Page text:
After managing to decode the first frame of KB2g variant I had three options: try to decode the other frames, try to decode other variants or do nothing. While the third option is the most appealing and the first option is the most logical, I stuck with the second one. So now I can decode the first frame of KB2f variant of Bink2 as well. Unfortunately the only (partial) KB2a sample I know is not supported, probably it’s a beta version that was tried on one game like Bink version b. Beside a small surprise in one place bitstream decoding was rather simple. Inter-frame support should not be that hard but it might get messy because of the DC and MV prediction.

And while talking about REing Bink I should mention that I’ve tried Ghidra while doing KB2f work. It is a nice tool that sucks in some places (not having a good highlight for variables, decompiling SIMD code results in very questionable output, the system being Java-based and requiring recent JDK—that’s the worst issue really) it works and produces decent results (including the decompiler). Also since it has 16-bit decompiler support maybe I’ll manage to figure out how those clips in Monty Python & the Quest for the Holy Grail are stored.

I should start documenting it too.

Insignificant update: okay, now it decodes inter-frame data correctly too and the only thing left is to make it reconstruct them correctly. Also I’ve updated codec information on Multimedia Wiki. Actually now it works quite okay so I’m not going to pursue it further. I have no real interest in Bink2 decoding after all.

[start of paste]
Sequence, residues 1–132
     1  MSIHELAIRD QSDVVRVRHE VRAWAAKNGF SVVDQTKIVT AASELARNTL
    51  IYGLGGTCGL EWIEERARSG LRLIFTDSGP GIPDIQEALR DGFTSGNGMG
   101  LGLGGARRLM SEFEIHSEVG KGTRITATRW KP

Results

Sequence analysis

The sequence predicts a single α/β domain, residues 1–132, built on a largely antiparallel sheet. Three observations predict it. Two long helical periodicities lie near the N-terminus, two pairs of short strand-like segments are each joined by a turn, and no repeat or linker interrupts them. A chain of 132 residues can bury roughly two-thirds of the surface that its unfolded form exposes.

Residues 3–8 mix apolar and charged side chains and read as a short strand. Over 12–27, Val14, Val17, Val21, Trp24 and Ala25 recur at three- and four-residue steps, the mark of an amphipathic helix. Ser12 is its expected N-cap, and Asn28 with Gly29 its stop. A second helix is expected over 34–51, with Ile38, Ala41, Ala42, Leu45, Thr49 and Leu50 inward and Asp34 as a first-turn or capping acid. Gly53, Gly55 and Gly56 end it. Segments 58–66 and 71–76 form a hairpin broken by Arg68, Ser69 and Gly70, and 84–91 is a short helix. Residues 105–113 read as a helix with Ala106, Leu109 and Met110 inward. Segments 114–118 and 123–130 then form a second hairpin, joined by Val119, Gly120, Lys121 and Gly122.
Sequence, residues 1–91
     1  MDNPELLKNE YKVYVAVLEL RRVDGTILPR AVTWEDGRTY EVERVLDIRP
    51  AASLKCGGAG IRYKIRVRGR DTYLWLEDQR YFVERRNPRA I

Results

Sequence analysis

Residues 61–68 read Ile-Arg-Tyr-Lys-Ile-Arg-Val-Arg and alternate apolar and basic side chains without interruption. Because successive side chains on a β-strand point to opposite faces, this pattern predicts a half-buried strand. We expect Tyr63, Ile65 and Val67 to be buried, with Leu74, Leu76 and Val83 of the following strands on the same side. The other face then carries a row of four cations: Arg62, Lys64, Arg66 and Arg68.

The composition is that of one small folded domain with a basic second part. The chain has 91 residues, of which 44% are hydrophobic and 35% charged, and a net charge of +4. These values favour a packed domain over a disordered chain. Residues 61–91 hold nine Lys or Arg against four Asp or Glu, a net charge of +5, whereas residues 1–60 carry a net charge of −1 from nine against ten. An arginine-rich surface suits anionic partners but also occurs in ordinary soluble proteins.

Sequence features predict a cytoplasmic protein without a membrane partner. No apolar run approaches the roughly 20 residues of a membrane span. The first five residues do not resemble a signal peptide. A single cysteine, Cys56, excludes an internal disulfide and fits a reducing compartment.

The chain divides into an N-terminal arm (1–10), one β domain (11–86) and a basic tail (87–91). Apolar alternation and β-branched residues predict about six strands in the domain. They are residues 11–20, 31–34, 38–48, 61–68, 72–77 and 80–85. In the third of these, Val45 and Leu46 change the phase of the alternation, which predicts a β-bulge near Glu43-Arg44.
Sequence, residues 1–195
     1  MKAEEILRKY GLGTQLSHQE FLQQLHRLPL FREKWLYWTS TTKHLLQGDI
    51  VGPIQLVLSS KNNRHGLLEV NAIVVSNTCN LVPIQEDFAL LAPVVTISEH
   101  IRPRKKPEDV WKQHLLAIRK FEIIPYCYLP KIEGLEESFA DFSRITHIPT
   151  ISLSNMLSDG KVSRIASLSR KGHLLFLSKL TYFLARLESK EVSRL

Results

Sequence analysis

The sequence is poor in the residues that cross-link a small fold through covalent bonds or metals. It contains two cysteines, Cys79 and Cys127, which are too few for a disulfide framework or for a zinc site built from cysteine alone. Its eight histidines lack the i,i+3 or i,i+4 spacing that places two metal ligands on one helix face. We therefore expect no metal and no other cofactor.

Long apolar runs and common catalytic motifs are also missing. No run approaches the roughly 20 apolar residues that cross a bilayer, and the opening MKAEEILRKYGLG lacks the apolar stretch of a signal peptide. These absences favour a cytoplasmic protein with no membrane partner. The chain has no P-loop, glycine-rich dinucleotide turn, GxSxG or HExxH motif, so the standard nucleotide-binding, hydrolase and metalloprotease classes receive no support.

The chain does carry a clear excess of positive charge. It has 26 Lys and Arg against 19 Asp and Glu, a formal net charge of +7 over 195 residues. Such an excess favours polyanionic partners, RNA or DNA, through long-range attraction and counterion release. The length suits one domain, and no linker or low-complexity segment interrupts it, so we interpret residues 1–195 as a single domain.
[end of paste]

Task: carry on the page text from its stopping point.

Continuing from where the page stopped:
NihAV: some Bink2 support

Sunday, March 10th, 2019

It took a long time but finally I can decode the first frame of Bink2 video (just KB2g flavour though but it’s a start).

At least the initial observations were correct: Bink2 codes data in 32×32 macroblocks, two codebooks for AC zero runs, one codebook for motion vector components, simple codes with unary prefix for the rest.

If you wonder why it took so long—that’s because I’m lazy and spend an hour or less a day on it. Also while the codec is simple in design it’s a bit complicated in implementation. While previous version related on format sub-version to decide which feature to use, Bink2 uses frame flags to decide which feature to use. For instance, flag 0x1000 signals that there are two bit arrays coded that tell when to read an additional flag during CBP decoding that tells which one of two codebooks should be used during AC decoding later. And flag 0x2000 essentially tells to use different bitstream decoding (like motion vectors decoding or block type decoding). Or the fact that it employs DC and MV prediction that usually has four cases (top-left macroblock, top block, left block, some block inside) plus WMV1-like handling of DC prediction in inter-frames (i.e. it calculated DC for inter blocks and uses them for prediction). And of course DC prediction for inter blocks works a bit different. Plus it tries to track internal state by packing all flags into 32-bit word and updating it for each block (two bits are for signalling top row, one—for macroblock being the leftmost one, some bits are copied from frame flags etc etc). So there’s a lot of nuances to take care of.

And that’s not counting the fact that current Bink2 player can’t decode versions prior to KB2g at all. Since I have some KB2f samples along with an old Bink player that can handle them, I guess I’ll support them eventually.